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Mr. Narcís Molina Montasell, Applus IDIADA, SPAIN
Dr. Juan Jesús García Bonito, Applus IDIADA, SPAIN
Mr. Amadeu Martorell Branchat, Applus IDIADA, SPAIN
Ing. Fabio Squadrani, Applus IDIADA, SPAIN
Research and /or Engineering Questions/Objective:
Brake creep groan and brake squeal are very distinct vibration and noise problems exhibited by brakes under certain braking conditions. Creep Groan is a low frequency (< 100 Hz) vibration induced by a stick-slip condition associated with the friction/velocity characteristic of the friction material. Creep groan can evolve into a resonant condition when a dominant suspension resonance is excited. This situation can induce high vibration levels both in the suspension and in the vehicle body, producing vibration annoyance.
On the other hand, squeal noise is a phenomenon that occurs at high frequencies (>1 kHz) and involves complex modes of the brakes, such as flexural vibrations of the brake disc. The excitation of the disc modes can be caused by the variability in the friction force due to surface roughness and to the bending modes of the pads. Squeal noise transmission is basically airborne. In general, creep groan and squeal are studied as independent events with no mutual interaction.
This work presents an investigation of how these two distinct brake phenomena can be related to each other during the operational use of a disc brake, as they can appear concatenated in time.
The vehicle under study is a medium-duty commercial vehicle equipped with an air disc brake system. The creep groan and the squeal dynamics occurring at the front axle are characterized in operational conditions by means of 14 tri-axial accelerometers on the brake caliper and 28 on the vehicle front axle. This experimental set up allows the time and frequency analysis of the evolution of the creep groan triggering, charging, and its unstable stage and the effect that the latter event might have on the activation of squeal generation. The analysis uses operational vibration data of the suspension and the brake system of the vehicle under creep groan and squeal conditions in combination with vibration measurements of the brake assembly only in a brake-dyno under squeal conditions.
This study confirms previous findings that show that the development of creep groan exhibits three stages: the triggering phase, the charging phase and the unstable stage. It is shown that the unstable stage involves the axle beam, the leaf springs, both front wheels and their respective brake calipers. For the brake under study, it is shown that during the unstable creep groan phase, the brake caliper housing exhibits a high deformation that limits the correct control of the pads positioning and orientation with respect to the disc. This situation induces a high mobility of the pads with little position control. The results suggest that this lack of control in the correct positioning and support of the pads, caused by the unstable creep groan phase, can facilitate the generation of squeal.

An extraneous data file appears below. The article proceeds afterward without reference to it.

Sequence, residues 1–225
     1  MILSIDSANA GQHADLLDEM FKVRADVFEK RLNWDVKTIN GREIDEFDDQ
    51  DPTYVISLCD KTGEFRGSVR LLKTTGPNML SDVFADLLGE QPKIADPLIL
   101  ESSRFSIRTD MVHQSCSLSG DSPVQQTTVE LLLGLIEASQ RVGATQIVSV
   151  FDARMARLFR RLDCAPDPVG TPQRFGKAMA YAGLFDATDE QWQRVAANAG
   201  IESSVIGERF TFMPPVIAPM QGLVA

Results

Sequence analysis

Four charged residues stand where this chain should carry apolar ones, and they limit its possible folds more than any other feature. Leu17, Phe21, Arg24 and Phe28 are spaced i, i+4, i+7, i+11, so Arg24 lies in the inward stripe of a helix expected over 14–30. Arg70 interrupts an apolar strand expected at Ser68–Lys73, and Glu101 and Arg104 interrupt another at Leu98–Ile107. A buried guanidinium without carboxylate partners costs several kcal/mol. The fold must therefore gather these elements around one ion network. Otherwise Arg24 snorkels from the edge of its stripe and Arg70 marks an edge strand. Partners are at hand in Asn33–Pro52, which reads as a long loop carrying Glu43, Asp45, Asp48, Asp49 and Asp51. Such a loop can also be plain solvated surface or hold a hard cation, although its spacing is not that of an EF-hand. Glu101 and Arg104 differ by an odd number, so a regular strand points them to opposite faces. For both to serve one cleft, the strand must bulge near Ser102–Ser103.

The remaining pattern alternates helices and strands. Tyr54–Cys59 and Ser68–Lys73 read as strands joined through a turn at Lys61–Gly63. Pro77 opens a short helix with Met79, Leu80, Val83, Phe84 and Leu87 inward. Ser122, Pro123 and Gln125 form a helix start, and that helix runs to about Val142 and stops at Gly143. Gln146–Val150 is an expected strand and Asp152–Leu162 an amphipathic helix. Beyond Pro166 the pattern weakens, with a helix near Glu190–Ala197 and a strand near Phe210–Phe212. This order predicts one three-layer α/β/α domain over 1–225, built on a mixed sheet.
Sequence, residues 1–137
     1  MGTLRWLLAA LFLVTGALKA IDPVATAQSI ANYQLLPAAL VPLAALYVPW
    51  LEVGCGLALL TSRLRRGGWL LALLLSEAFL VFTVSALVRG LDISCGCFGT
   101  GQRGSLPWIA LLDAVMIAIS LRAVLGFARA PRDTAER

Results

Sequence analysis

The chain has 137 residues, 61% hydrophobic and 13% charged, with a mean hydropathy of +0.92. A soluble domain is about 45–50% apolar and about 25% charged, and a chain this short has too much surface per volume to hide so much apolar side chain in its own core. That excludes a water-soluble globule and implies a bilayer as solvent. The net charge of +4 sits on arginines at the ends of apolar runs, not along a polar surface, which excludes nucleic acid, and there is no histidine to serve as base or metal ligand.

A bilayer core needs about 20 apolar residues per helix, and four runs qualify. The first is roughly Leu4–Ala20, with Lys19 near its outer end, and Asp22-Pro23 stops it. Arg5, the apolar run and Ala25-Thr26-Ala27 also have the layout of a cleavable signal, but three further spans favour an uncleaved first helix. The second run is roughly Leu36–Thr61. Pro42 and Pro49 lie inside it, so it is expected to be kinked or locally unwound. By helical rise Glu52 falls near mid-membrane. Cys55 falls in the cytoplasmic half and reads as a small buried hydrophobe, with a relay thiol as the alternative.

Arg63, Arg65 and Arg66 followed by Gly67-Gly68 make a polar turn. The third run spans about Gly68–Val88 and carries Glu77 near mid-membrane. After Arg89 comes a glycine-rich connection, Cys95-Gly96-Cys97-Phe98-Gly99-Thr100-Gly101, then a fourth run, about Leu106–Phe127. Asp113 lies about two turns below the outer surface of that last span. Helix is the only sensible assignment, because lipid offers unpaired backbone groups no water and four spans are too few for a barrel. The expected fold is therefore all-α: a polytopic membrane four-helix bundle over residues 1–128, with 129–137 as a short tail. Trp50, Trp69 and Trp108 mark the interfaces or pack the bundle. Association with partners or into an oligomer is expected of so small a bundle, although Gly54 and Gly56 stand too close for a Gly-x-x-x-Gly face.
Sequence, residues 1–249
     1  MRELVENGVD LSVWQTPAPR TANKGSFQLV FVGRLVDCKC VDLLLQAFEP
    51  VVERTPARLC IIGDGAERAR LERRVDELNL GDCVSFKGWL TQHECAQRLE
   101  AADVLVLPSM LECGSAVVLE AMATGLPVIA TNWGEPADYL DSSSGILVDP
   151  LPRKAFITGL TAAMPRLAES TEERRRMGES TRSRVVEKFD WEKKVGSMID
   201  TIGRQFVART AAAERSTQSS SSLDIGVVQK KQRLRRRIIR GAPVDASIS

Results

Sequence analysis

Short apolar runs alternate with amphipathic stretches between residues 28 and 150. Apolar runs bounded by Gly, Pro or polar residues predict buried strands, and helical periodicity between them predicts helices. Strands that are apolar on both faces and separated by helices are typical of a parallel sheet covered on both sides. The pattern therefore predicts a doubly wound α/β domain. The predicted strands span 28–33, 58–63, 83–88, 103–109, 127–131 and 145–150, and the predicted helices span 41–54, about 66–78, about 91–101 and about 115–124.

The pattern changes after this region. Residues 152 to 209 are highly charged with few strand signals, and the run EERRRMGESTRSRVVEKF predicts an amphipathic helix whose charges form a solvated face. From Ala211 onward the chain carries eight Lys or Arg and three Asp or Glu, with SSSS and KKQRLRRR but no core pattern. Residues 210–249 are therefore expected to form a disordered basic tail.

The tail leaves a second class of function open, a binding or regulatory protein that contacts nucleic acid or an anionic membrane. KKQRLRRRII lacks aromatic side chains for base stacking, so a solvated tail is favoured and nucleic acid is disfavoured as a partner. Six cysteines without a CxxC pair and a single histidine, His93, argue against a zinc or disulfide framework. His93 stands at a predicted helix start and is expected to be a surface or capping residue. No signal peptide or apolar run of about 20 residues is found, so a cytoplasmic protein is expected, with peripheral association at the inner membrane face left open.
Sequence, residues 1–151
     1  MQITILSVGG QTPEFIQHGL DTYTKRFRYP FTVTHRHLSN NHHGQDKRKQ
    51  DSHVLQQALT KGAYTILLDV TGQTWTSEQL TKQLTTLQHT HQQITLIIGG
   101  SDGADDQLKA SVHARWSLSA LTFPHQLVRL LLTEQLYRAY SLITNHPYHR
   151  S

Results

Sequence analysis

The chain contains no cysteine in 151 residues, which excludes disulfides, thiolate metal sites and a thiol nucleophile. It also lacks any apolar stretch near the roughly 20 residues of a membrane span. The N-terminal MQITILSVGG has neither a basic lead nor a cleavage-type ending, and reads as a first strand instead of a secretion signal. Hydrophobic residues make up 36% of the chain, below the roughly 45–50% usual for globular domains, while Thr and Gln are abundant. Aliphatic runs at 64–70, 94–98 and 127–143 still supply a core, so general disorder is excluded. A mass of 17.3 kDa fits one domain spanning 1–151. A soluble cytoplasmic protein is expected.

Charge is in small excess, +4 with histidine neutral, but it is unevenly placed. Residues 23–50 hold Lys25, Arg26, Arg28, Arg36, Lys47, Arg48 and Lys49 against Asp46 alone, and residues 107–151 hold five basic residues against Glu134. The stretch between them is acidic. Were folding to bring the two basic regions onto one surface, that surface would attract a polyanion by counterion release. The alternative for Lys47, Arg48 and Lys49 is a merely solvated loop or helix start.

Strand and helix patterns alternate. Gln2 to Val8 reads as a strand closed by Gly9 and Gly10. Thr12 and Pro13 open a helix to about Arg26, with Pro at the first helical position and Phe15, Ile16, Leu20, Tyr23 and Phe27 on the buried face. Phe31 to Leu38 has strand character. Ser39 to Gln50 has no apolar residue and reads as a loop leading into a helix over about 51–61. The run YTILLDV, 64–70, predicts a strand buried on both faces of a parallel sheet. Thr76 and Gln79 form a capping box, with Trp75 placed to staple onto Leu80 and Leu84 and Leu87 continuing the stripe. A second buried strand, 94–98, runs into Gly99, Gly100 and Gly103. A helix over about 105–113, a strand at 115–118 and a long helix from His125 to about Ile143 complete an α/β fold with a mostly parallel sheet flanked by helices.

Limitations of this study:
The number of tri-axial accelerometers used in this type of analysis is considerable and thus it requires using a multichannel system for efficient tests.
What does the paper offer that is new in the field in comparison to other works of the author:
The paper reviews and confirms the existence of three main phases in creep groan generation for discs brakes and introduces an interpretation of how the final unstable stage of creep groan, apart from the typical vibration annoyance associated to it, can also be a squeal inducer for some brake caliper designs.
This work shows that, for some disc brake caliper characteristics, the evolution stages found in operational brake creep groan, i.e., triggering, charging and instability phases, can occur concatenated with brake squeal. This association seems to be related to the fact that the unstable phase of operational creep groan produces high acceleration levels in the brake system that hinders the correct positioning and orientation control of the brake pads inside the caliper housing. This lack of control affects the duration of the unstable stage of creep groan and can promote the initiation of other noise problems, such as squeal.
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Narcís Molina is a Project Manager within the Brake-NVH group in IDIADA. Narcís graduated as an Aerospace Engineer from the Polytechnic University of Catalonia (Spain) in 2012, and holds an MSc in Motorsport Engineering from Cranfield University (UK). He began his professional career in IDIADA as a Test Engineer in the field of braking performance. In 2014 he worked as a resident engineer for Jaguar Land Rover. Still working for IDIADA, in 2015 he joined Chery Jaguar Land Rover (China), being responsible for the delivery of brake pedal feeling targets. Since 2017 he is Project Manager in IDIADA.